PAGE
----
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Students help discover, preserve region's history

HealanMill.jpg
With the 170-year-old Healan's/Head's Mill in the background, a group of UNG students work to excavate the site of a mechanism that controlled water flow to the mill's three-story water wheel.

A 170-year-old grist mill in Hall County and a structure key to Lumpkin County's gold-mining history are among the area sites where archaeology students at the University of North Georgia (UNG) are working to uncover history in order to help preserve it.

Head's Mill, also known as Healan's Mill, near Lula, Georgia, fell into disrepair decades ago and is Hall County's last standing grist mill. The Head's/Healan's Mill Restoration Citizens Advisory Committee and the Hall County government have teamed to restore the site. This fall, UNG students led by Dr. William Balco, assistant professor of anthropology at UNG, worked at the site to better understand how the grain mill and its three-story water wheel operated.

"UNG has taken on a role in this restoration, where we're doing the archaeology where we can," Balco said. "This grist mill was one in which a large water wheel would be turned not by the flow of the water, but the weight of the water that would pull the wheel and spin it. That would turn the axles attached to the mill wheels and that's how they would grind the grain. UNG students investigated a site at the head of the millrace to uncover the mechanism that controlled the flow of water toward the wheel."

Involved in the projects is Matthew O'Leary, a senior from Torrington, Connecticut, who is pursuing a major in history and a minor in anthropology.

"One of the reasons I really appreciate working on local sites like Healan's Mill is that these types of projects help remind us that history is around all of us, even where we might often overlook it," O'Leary said.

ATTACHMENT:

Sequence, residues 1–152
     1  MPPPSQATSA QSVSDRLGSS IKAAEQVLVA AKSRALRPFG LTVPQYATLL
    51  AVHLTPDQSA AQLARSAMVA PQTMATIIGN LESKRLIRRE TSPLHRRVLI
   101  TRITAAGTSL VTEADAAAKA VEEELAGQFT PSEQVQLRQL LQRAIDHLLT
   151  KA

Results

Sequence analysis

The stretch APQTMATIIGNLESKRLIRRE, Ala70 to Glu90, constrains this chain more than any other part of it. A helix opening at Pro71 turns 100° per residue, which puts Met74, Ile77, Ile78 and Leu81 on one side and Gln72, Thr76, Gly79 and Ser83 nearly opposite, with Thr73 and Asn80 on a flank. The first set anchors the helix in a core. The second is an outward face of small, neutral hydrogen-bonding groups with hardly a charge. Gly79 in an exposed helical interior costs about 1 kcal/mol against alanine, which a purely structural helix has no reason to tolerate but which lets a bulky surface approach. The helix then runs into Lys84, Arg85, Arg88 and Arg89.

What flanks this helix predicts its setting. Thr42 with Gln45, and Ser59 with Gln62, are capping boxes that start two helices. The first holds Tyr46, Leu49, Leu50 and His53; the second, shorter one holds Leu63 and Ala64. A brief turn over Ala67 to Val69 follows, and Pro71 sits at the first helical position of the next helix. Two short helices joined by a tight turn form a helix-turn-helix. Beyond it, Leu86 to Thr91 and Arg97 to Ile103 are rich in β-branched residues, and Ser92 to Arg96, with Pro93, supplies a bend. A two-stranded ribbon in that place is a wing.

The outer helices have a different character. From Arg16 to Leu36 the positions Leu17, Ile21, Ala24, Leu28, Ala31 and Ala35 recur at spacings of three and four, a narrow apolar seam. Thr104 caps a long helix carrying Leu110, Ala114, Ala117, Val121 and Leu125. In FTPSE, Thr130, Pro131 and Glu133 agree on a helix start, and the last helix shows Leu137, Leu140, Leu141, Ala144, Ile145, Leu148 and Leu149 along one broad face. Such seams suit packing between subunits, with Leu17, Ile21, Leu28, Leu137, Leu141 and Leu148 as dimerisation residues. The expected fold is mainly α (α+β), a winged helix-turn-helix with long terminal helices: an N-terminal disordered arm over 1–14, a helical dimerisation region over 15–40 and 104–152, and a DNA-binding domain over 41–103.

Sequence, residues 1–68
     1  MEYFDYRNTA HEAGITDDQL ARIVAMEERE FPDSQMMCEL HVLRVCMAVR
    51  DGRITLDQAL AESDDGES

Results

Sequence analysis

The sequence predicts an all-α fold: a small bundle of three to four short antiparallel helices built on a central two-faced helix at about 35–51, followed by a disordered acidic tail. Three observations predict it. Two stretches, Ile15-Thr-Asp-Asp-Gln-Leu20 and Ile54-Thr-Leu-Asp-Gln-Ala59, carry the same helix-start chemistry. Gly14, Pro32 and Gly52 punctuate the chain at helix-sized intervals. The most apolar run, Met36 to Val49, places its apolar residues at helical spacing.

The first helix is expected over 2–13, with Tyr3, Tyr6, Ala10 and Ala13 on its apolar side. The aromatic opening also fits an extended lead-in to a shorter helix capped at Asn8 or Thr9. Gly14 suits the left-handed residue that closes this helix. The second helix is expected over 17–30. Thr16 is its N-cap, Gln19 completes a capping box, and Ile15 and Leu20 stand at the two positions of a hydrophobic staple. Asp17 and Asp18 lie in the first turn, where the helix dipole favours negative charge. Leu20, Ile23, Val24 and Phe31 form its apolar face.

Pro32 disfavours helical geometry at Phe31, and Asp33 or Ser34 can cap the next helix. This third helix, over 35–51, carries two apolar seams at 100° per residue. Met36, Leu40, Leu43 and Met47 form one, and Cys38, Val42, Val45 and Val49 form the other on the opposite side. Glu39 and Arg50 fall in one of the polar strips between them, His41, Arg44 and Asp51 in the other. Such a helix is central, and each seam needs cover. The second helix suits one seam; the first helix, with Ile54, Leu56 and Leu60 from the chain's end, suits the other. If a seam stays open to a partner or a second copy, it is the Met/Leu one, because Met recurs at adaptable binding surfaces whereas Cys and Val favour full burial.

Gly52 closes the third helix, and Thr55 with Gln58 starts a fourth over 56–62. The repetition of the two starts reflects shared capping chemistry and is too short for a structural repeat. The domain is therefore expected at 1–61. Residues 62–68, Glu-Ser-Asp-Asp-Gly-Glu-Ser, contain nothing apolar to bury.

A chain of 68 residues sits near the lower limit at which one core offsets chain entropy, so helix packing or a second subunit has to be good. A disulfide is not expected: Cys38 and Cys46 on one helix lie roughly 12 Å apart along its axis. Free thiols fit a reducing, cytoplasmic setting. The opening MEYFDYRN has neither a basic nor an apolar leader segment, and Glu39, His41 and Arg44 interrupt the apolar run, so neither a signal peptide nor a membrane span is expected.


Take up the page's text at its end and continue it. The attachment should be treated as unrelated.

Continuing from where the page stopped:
This fall, O'Leary received a Georgia Student Archaeological Research Grant for $375 that will help with archival and photographic expenses associated with investigating the Yahoola High Trestle, a structure constructed to transport water to hydraulic mining operations during Dahlonega's gold rush period.

Co-sponsored by the Georgia Department of Natural Resources and the Georgia Council of Professional Archaeologists, the grant is given annually to one graduate student and two undergraduate students in Georgia to fund their research.

"Receiving this grant from the Society for Georgia Archaeology is an incredible opportunity to further the study of our local Dahlonega mining history," O'Leary said. "The goal of this project will be to locate the extent of the ditch and trestle system in Dahlonega and Lumpkin County and collate the data onto a single map." 

O'Leary said he is considering graduate school upon completion of his undergraduate degree at UNG.

The anthropology minor at UNG has grown steadily since its establishment in 2014. The program, which is available on both the Dahlonega and Gainesville campuses, offers upper-level classes such as Anthropology of the Middle East, Museum Studies, Anthropology of Food, Biblical Archaeology, and Battlefield Archaeology.

In addition to the local projects, this coming summer, several students will also participate in a dig near Alcamo, Sicily.

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